Schools citywide will see a $215 million cut in Fair Student Funding — the main funding stream for individual school budgets — as part of Mayor Eric Adams' first city budget

"The number of students dropped. We are adjusting based on that drop,” Adams said during a City Hall press conference Friday.

What You Need To Know

  • Schools will receive $215 million less in funding next school year due to declining enrollment

  • While enrollment has fallen the last two years, schools were allowed to keep the money as they weathered the pandemic

  • It will mean significant cuts to budgets at many schools, forcing principals to make tough choices about which staff they can afford to keep

The funding is tied to enrollment. But for the last two years, as enrollment fell amid a pandemic that roiled city schools, the de Blasio administration did not take away funding for those enrollment declines. 

Adams is phasing that policy out.

"What we’re doing is we are not cutting,” Adams said. “We are adjusting the amount based on the student population.”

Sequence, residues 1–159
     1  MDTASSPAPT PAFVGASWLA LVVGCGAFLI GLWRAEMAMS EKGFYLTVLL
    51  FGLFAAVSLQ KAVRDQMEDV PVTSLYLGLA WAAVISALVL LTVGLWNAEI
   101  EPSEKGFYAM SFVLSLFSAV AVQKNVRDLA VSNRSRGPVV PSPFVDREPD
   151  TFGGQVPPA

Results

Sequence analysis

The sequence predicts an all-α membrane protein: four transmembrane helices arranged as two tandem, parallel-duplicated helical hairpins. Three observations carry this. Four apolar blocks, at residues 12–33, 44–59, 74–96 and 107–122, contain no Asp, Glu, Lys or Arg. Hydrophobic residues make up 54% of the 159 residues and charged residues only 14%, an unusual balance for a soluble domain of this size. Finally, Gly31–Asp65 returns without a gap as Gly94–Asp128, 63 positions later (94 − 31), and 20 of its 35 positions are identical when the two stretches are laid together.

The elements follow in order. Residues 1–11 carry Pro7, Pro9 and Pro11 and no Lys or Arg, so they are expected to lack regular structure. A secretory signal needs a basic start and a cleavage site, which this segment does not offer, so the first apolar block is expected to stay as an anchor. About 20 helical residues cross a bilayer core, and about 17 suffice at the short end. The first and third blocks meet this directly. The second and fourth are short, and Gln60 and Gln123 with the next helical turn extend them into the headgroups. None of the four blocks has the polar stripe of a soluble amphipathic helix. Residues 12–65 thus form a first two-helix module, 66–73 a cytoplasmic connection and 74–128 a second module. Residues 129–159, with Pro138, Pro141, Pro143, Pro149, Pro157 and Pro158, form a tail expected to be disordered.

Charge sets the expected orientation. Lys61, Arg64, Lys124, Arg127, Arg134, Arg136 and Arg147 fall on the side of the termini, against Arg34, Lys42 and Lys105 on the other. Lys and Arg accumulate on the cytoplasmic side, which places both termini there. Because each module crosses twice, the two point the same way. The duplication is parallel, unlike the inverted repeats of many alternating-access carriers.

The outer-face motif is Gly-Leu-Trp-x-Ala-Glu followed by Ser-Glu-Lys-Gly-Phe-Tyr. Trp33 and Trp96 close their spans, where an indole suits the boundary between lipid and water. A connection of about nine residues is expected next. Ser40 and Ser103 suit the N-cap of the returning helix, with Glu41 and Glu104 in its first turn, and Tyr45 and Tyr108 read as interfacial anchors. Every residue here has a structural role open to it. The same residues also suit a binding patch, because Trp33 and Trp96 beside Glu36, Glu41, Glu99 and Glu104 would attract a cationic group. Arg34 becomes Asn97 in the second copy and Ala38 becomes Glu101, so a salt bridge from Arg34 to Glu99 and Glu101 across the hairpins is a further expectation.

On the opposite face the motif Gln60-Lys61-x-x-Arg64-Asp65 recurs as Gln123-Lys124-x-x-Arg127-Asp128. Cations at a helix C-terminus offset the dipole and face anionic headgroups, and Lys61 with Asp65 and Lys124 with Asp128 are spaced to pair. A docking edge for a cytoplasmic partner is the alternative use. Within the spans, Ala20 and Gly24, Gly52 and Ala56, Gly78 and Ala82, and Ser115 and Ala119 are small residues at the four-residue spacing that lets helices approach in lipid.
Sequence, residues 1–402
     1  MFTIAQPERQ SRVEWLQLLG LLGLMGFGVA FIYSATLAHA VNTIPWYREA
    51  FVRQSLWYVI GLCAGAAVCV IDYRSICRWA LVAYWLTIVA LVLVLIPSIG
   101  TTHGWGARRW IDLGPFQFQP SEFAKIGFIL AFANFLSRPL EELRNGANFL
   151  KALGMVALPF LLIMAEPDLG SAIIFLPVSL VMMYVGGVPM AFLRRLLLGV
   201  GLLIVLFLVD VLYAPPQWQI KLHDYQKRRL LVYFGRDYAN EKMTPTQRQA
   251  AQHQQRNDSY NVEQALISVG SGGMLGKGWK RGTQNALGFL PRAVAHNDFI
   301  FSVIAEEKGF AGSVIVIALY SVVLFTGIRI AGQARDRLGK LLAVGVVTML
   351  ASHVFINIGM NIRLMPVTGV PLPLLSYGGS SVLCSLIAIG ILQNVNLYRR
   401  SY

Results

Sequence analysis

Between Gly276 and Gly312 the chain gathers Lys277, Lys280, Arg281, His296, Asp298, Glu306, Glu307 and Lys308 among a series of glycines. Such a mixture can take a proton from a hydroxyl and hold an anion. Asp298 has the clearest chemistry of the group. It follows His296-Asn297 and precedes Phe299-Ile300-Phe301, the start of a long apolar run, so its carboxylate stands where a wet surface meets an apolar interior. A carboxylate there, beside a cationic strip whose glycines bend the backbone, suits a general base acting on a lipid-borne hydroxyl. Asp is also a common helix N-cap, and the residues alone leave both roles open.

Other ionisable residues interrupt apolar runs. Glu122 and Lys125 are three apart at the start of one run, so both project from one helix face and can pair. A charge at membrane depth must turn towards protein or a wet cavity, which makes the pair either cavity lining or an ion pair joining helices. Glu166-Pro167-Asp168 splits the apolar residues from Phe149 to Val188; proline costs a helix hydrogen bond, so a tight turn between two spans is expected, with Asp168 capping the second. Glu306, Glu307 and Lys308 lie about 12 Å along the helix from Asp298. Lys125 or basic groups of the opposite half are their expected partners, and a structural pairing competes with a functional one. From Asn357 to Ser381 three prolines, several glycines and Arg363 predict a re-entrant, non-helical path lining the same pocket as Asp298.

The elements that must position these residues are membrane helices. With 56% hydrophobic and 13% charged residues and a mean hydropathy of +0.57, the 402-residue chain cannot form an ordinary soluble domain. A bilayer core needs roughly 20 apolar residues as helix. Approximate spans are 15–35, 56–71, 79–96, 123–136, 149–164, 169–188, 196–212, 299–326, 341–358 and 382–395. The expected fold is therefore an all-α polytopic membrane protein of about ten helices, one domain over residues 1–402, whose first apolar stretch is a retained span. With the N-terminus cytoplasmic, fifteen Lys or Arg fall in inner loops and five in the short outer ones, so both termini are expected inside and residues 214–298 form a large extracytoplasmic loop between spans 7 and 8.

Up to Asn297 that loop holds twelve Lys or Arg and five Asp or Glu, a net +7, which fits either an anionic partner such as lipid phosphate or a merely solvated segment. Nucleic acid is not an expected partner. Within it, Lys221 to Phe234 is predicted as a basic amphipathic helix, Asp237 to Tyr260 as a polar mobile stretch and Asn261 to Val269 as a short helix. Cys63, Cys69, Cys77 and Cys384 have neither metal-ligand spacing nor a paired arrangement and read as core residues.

But for principals on the ground, it will amount to a cut. School budgets will shrink compared to prior years. At P.S. 9 in Brooklyn, the budget will go from nearly $4.89 million this year to $3.8 million next — at a time when Parent Teacher Organization President Jessica Flores says students are still recovering from the pandemic.

"We are losing over a million dollars. That is twelve staff members that could potentially be excessed or have to be terminated from our school,” Flores told NY1. “That means any hiring that our principal wanted to do, the extra supports that we had in place, we had an extra social worker, we had more special ed support, all of that could be gone."

Adams is using some federal stimulus funds to soften the blow. Without them, it would have been a $375 million hit to schools. But Comptroller Brad Lander says the city has more stimulus cash it could have used.

"This is just not the time to be imposing multimillion dollar budget cuts on our schools," Lander said.

Adams says it has to happen.

"We are in a very dangerous time right now that many people are not realizing. We’re dropping students so much this may impact our federal funding, and we better now start making these smart decisions,” Adams said.

Flores says cutting funding — and the staff and programs that will have to be cut with it — isn't the way to win back parents.

"There's a way to bring people back, and reducing budgets on such a grand scale is not the way. So if you really feel like we're in a dangerous position, what are you doing about it to make a better, more attractive environment for prospective parents?" she asked.